Last night, we saw both a pitcher's duel of epic proportions and an almost perfect storm of narratives all coming together in a way that baseball very, very rarely allows. The pitcher the St. Louis Cardinals traded away, facing off against the pitcher they decided to keep, who took the traded player's rotation spot, and by the way, the player the Cardinals traded the pitcher away in order to get also just happens to be having a pretty remarkable season himself, and stands very much at the nexus of what the Redbirds are going to do in building their team for the next five years. Or the next seven years. Or the next ten. Or all of those things, really.
And in the end, of course, we saw what we probably should have expected to see all along: both teams got what they wanted out of the deal, in pretty much exactly the way we've been saying. The Braves have an exciting young starter who has added to his repertoire just enough this season to improve the areas he was most lacking. The Cardinals have one of the best right fielders in baseball, a young starter who is probably even a few degrees more exciting than the one they traded away in the rotation (occupying a spot that probably would not have existed otherwise), and the best record in baseball by a fair margin. The Braves got better for the future; the Cardinals got better right now. Win fucking win, baby. Hannibal Smith would be thrilled with the situation.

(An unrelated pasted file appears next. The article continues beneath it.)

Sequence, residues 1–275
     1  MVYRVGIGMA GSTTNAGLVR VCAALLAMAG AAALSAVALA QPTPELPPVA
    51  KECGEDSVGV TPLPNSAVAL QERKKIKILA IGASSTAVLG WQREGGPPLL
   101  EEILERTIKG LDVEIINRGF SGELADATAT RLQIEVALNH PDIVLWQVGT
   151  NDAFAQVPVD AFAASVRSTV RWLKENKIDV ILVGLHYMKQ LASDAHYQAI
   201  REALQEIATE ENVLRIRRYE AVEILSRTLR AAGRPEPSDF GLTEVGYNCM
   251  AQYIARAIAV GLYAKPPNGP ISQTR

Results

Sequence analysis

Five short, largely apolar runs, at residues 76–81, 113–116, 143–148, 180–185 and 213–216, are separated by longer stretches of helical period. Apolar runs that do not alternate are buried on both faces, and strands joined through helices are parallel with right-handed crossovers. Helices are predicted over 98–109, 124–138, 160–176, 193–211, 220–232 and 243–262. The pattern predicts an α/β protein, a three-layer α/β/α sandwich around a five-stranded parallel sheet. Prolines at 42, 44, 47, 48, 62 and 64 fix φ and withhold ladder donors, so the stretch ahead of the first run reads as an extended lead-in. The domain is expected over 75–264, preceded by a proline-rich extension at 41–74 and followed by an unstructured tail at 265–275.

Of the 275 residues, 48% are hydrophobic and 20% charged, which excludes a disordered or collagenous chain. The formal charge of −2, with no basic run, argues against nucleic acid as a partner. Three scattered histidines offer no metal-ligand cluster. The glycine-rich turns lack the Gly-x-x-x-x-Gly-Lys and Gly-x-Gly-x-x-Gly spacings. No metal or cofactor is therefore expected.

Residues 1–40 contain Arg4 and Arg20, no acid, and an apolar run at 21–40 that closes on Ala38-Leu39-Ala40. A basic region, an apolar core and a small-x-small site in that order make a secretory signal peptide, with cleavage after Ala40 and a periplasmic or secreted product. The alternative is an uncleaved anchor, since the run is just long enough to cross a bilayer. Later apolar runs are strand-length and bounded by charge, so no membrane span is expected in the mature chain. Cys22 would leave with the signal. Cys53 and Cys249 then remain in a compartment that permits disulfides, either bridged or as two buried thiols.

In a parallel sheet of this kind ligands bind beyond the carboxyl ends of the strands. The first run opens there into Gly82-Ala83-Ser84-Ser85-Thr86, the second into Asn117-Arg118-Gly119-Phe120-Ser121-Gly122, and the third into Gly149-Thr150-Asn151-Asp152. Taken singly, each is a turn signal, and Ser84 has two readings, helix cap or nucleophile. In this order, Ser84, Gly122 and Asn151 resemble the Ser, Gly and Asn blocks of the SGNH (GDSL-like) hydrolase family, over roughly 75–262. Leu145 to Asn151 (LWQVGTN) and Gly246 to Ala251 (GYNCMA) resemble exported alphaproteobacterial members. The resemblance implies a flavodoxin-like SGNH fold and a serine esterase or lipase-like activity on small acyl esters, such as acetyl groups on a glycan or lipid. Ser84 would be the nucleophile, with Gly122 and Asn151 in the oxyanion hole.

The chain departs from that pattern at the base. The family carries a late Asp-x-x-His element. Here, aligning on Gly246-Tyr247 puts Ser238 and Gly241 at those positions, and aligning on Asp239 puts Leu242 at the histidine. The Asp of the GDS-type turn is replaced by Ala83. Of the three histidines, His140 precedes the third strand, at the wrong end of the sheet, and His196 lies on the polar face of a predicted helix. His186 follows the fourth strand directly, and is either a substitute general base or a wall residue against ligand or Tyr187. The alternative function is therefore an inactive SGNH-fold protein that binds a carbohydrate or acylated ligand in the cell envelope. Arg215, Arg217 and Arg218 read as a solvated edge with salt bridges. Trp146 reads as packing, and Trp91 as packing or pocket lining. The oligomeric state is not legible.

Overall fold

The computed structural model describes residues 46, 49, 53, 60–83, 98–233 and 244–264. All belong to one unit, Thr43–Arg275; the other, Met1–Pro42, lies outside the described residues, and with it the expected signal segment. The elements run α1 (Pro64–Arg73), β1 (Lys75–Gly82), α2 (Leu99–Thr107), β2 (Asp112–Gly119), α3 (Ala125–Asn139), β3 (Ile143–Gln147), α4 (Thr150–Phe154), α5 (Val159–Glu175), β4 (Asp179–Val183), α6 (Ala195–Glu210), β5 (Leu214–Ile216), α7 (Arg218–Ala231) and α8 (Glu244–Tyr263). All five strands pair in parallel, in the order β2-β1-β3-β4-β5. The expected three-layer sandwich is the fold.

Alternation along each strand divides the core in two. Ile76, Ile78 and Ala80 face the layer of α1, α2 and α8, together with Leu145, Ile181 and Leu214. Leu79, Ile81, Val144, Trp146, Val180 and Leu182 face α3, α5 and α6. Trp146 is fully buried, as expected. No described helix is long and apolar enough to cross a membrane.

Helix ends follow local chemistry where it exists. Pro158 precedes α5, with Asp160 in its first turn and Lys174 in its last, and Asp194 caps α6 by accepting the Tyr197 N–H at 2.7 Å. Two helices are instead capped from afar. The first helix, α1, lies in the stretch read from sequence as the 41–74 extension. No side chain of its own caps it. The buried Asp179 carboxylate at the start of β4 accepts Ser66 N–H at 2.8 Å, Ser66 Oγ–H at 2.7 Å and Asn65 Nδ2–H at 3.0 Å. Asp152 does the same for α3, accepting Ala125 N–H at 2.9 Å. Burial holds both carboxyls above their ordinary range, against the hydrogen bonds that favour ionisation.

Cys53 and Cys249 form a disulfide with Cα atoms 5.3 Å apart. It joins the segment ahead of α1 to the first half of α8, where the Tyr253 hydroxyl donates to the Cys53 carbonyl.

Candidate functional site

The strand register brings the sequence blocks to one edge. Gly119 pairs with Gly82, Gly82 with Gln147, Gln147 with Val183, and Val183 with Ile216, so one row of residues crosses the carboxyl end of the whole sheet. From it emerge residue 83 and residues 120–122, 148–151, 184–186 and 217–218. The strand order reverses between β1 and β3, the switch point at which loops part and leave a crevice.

However, I'm not all that interested in breaking down the pitching duel, in spite of its magnificence. Carlos pitched brilliantly. Shelby pitched brilliantly. Either one could have come away with the victory; luckily for us El Birdos managed to scratch across a run and bring home another W to hang on the wall of this magical season.
Rather, I wanted to take a quick look at the other component, the biggest component, of what is known to Cardinal fans as the Jason Heyward deal: Heyward himself. After all, the decision to either sign Heyward to a long-term deal befitting a player of his stature and age or make a qualifying offer and take the draft pick when he walks after the season is going to be one of the most pivotal points of articulation John Mozeliak has yet faced in his tenure as General Manager, certainly the biggest since the organisation declined to go above and beyond the offer the California Angels made to Albert Pujols to try and resign what people rightly saw at the time as a franchise-defining player. What to do about Heyward, and whether to hitch the organisation's collective wagon to his star for the better part of the next decade, is that level of decision.